The Yukon Employees’ Union and Health and Social Services Minister Tracy-Anne McPhee are butting heads over the Yukon government’s proposed bonus package for nurses. (Marcelo Leal/Unsplash)

The Yukon Employees’ Union and Health and Social Services Minister Tracy-Anne McPhee are butting heads over the Yukon government’s proposed bonus package for nurses. (Marcelo Leal/Unsplash)

Health minister at odds with union over bonus package for Yukon nurses

Health minister says union is misrepresenting the recruitment and retention initiative for nurses

The health minister says the Yukon Employees’ Union is spreading inaccurate information about the government’s proposed recruitment and retention bonus package for nurses.

The union says the minister seems misinformed about the nature of consultations.

In response to a question the NDP raised in question period about staffing nurses in hospitals on Oct. 18, Health and Social Services Minister Tracy-Anne McPhee said the Yukon government has brought forward an “extensive package” of benefits and retention bonuses for nurses in the territory.

“That package is currently being discussed with the Yukon Employees’ Union,” she said.

That comment prompted a response from the union, which represents nurses among other government employees.

In an Oct. 19 press release, union president Steve Geick said talks about the bonus package proposed by the employer started and ended at the same meeting.

He said the Yukon government is ignoring what nurses have told them repeatedly about raising wages.

“[Nurses] don’t want one-off, lump-sum bonuses which mean a bigger tax hit,” he said in the release.

“They don’t want bribes that only go to new hires, ignoring all the dedicated workers who have put in years of service in the Yukon. They don’t want their difficult working conditions further worsened by an employer who devalues their dedication with a cynical offer of a quick cash top-up.”

Geick said the union has held many meetings with nurses it represents and they want wages to go up as incentive for more nurses to move to the territory and stay here.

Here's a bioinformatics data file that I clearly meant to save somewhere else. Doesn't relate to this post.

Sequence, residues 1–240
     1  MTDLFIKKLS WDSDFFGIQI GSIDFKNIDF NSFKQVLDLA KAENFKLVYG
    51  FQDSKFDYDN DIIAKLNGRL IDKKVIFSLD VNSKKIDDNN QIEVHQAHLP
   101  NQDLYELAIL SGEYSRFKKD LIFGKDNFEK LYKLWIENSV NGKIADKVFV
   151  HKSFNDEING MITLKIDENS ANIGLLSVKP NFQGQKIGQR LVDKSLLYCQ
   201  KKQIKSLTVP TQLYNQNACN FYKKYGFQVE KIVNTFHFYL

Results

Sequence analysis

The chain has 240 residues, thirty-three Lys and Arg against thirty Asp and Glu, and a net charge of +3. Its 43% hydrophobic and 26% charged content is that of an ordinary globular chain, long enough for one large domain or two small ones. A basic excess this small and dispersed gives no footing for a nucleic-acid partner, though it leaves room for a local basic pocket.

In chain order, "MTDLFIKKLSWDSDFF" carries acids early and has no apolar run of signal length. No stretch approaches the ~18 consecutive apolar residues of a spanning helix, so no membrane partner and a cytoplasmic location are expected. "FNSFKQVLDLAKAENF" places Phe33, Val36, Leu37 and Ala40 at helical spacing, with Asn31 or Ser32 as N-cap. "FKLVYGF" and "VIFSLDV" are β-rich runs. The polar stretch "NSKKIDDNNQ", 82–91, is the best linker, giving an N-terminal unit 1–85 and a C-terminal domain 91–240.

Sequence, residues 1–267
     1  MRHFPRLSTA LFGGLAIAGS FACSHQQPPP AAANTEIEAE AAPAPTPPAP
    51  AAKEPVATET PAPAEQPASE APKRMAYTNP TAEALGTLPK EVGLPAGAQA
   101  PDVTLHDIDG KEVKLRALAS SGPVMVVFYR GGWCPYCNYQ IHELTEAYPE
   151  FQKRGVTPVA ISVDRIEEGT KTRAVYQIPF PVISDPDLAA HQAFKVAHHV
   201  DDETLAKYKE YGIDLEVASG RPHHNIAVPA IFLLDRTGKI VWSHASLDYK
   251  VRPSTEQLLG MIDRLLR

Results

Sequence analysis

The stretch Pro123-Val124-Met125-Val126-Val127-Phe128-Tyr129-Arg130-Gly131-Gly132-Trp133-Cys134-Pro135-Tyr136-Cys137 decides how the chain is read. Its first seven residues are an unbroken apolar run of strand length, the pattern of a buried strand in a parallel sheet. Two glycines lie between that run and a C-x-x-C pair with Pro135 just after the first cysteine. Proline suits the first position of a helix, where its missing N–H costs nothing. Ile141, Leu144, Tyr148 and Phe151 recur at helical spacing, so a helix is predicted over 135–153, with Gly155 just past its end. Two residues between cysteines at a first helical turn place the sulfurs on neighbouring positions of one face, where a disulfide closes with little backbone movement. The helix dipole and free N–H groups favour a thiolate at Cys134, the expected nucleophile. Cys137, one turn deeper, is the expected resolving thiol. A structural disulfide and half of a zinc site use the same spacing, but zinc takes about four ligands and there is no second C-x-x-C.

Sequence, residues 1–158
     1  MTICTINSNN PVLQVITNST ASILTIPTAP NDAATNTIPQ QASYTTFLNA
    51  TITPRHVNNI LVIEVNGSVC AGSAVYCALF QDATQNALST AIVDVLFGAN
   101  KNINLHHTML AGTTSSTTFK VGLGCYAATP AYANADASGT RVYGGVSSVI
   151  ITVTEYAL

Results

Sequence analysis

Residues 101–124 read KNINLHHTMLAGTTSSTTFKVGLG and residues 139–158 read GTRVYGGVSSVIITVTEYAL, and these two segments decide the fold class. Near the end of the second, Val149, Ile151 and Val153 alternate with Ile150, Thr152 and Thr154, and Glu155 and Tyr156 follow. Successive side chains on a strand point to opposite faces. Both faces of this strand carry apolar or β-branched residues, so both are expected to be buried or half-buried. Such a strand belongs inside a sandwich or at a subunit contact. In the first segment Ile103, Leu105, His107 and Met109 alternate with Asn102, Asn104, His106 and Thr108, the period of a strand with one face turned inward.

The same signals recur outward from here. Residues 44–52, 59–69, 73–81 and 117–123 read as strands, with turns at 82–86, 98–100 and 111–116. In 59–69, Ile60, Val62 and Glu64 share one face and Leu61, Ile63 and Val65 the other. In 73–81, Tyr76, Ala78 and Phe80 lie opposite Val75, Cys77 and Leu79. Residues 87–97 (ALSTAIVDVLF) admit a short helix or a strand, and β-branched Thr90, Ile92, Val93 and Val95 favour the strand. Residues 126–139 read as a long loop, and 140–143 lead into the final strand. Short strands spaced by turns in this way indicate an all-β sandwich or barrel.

He said, for example, agency fly-ins are making more money to do the same job.

“We are not prepared to negotiate in the media or legitimize the political opportunism demonstrated by Minister McPhee in the legislative assembly,” reads the release.

“This is a chronic problem, and the employer has failed to show true leadership too many times.”

During question period on Oct. 24, Yukon Party MLA for Lake Laberge Brad Cathers asked about the breakdown between the two parties.

McPhee said she isn’t picking a public fight with nurses, but rather responding to questions that come up in the House.

“There were a number of things that were inaccurate in that media release, which, I note, was done by the Yukon Employees’ Union, indicating that they weren’t interested in a media negotiation, but they in fact did a media release,” she said.

After question period, McPhee told reporters nurses haven’t been made aware of this particular package, as far as she was aware.

She said the union “didn’t even ask the nurses what they were interested in.”

McPhee noted the package is not only for new hires and the plan is to have the cost of the bonuses put into the government’s budget for the next three years, for a total of $9.6 million.

The union and the territorial government are in the process of negotiating a collective agreement — which covers government employees including government-employed nurses — since the previous one expired on Dec. 31, 2021.

McPhee said those talks have stalled.

“It looks like near the end of November, we’ll be back at the table, and that is an absolute commitment,” McPhee said.

“This is quite separate and apart from that absolute commitment to discuss appropriate salaries.”

In an interview on Oct. 25, Geick said there are inconsistencies in the minister’s version of events. He said a part of the package is directed at new hires, and McPhee doesn’t seem to think that bringing these items up in question period is a form of bargaining in the press.

Geick said the union has been checking the pulse on nurses since June 2021 when it started getting bargaining input.

“To say that we didn’t ask is untrue,” he said.

He said the problems with the retention and recruitment bonuses are that they aren’t pensionable, don’t count towards severance and aren’t going to increase the base rate of nurses.

The union has been told the government is committed to making it pensionable by conducting an assessment and then putting forward a proposal for how it could be done.

But Geick isn’t buying it.

“I have no faith, none, whatsoever, in this government, especially Health and Social Services and McPhee, to follow through on anything,” Geick said.

Negotiations are booked for the end of November and in December.

“We’re at an impasse right now,” Geick said.

Contact Dana Hatherly at